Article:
Nokia’s UK design team had become increasingly frustrated with its Farnborough location – it may be useful to be alongside the other company divisions, but it feels a long way from designer London.
Like all UK designers they were itching for a piece of Soho to work in, a location teeming with other creatives, and a concrete feeling of competing in the wider market.
Over in Finland, a different scenario was arising. There was an urge in the company to bring Nokia’s Helsinki designers – based in a satellite office – into the same HQ as the rest of the departments, to physically and figuratively centralise their role.
Meanwhile, Nokia designers in Copenhagen, though remaining in the same location, were preparing to move across the site campus.
MoreySmith was brought on board to open up consultation sessions and help relocate each design division successfully, listening to the needs of each user group. This began with extensive feedback sessions across all three sites, and the formulation of wish lists, as partner and project director Nicola Osborn explains.
“Whereas some name-dropping took place – of companies such as Imagination – it was clear that as well as beautiful and creative offices to work in, the designers were all geared towards a real functionality of space,” she says.
Obviously there were cultural differences to take into consideration. “The Finnish wanted space for moonboots and wet rooms for jackets and were against the idea of carpet of any kind,” laughs Osborn. “The English, on the other hand, like their bit of tweed, for cosiness and warmth.”
MoreySmith worked on concepts and schemes for all three offices; taking on the London office itself and passing plans to local architects to implement in Helsinki and Copenhagen.
“We wanted the ethos behind the schemes to be related,” Osborn explains, “and elements of each fit out to be reflected in the others, while retaining the cultural connections and aesthetics in each.”
While the London-based designers were concerned with the aesthetics and creativity of the space and were more laissez-faire about the furniture, the ergonomically minded Finnish were insistent on adjustable desks and chairs. Height-adjustable K&N benching was specified across each of the projects, to provide for designers moving across offices for certain projects.
“Who reports to who is a really global concept; designers work with different people according to the different markets and user groups they are designing for,” Osborn outlines. “Nokia is viewed as a whole, rather than by its various locations, and designers move across offices accordingly.”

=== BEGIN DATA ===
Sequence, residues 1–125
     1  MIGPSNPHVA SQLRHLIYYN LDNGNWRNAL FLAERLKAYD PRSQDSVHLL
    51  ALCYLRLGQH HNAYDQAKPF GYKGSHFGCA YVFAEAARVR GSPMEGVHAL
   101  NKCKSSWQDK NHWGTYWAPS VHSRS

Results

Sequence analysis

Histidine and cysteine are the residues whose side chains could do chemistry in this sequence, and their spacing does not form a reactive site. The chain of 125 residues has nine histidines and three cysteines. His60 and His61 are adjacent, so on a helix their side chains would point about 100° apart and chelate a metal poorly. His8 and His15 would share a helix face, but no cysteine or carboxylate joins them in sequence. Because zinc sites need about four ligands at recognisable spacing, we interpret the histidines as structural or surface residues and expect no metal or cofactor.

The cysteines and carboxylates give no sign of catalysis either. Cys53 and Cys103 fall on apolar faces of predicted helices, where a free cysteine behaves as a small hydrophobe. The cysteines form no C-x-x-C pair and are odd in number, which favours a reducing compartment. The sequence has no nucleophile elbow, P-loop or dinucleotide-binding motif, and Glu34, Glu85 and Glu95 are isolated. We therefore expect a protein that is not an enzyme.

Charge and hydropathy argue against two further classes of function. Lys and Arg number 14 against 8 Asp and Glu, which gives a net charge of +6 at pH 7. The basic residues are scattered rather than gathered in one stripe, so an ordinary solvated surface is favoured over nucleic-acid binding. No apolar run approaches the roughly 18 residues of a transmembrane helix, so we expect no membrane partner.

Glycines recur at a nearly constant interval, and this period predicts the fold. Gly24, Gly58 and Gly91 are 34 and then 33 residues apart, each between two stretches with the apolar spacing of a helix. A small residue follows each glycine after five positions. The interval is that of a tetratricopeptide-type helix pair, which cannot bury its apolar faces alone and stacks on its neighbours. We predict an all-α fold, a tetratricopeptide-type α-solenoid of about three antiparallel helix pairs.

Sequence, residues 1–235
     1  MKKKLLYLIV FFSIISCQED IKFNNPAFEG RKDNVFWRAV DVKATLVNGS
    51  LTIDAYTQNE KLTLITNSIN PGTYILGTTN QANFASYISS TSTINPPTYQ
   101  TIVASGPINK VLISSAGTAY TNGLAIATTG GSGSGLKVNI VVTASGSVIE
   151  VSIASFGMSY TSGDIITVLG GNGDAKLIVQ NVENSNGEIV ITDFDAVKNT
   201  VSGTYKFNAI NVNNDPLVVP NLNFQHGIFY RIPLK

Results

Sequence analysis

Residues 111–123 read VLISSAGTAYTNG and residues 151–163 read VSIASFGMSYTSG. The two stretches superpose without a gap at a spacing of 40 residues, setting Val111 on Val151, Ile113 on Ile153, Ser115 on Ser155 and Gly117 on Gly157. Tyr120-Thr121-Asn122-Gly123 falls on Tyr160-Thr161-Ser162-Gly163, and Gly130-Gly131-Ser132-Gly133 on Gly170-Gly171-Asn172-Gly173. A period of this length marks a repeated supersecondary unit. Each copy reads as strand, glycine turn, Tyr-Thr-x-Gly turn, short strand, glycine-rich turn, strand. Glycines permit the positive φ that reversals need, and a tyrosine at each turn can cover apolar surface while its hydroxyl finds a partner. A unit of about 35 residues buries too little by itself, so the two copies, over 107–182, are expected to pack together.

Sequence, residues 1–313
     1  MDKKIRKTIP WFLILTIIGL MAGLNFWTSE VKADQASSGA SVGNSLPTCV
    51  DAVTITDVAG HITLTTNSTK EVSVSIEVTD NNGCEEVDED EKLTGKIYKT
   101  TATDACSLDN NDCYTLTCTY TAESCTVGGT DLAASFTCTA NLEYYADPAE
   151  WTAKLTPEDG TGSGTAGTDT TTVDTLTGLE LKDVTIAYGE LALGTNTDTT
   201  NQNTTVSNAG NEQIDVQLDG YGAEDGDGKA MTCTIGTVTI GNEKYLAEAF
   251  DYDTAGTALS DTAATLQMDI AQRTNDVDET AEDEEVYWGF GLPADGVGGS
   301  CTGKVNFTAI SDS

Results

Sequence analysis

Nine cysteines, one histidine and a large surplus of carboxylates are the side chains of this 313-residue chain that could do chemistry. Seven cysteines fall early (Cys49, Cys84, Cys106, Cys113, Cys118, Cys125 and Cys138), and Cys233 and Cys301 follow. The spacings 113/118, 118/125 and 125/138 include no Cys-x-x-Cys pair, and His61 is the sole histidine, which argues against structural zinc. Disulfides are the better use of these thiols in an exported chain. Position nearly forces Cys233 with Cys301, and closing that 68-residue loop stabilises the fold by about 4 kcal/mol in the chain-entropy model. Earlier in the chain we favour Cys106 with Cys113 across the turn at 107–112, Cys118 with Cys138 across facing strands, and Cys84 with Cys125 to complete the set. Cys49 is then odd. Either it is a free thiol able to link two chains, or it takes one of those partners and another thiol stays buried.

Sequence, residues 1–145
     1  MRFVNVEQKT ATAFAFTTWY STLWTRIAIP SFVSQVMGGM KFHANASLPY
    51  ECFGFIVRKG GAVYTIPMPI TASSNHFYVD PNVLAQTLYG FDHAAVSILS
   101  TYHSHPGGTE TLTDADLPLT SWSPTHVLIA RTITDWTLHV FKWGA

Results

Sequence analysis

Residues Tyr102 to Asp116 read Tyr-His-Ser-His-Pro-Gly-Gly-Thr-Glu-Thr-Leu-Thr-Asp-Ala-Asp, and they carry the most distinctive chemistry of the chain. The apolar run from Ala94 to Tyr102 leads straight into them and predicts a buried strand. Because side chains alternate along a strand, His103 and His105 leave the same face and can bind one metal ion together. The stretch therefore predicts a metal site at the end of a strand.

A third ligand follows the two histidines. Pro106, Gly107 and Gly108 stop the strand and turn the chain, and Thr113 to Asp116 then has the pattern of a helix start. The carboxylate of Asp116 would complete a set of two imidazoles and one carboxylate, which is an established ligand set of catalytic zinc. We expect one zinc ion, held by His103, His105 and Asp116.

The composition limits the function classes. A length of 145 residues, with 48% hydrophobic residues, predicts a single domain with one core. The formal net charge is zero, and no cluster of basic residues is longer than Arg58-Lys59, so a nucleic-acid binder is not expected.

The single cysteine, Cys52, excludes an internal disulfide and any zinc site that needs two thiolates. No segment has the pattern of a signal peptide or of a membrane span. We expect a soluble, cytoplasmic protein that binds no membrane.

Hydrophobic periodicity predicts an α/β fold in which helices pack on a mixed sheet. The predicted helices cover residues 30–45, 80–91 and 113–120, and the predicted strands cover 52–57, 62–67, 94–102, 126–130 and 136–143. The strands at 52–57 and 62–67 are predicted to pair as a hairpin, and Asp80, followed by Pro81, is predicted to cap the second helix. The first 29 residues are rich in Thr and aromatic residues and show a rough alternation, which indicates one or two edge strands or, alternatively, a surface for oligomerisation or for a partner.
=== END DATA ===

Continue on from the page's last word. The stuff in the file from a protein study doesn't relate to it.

In London, a building behind Piccadilly Circus was located for the move. A key facility needed by the London designers was large group meeting rooms that could be allocated to projects that might be ongoing for up to four months.
“Designers wanted a place where they could leave work and ideas on the walls, and keep returning to them, to wander in and get inspired,” says Osborn. “On each project, members from a number of different design groups will be involved, looking at colour, logistics, technology and marketing, for example. They may need to bring in members to consult on technical and environmental issues.
“Putting all these people in one building creates a feeling of cross connectivity; each group now breakfasts together, lunches together; the generating of ideas is not reliant on email, phone calls or meetings scheduled across various locations.”
The project rooms include big, sliding timber doors, which can be closed to create work environments for meetings to take place in, and opened up to showcase designs to the rest of the floor or for carrying out group critiques. A white Jennifer Newman table on wheels in the centre of the room, along with the use of stackable chairs, really does make the room a flexible space; furniture can be wheeled out and people brought in, or vice versa.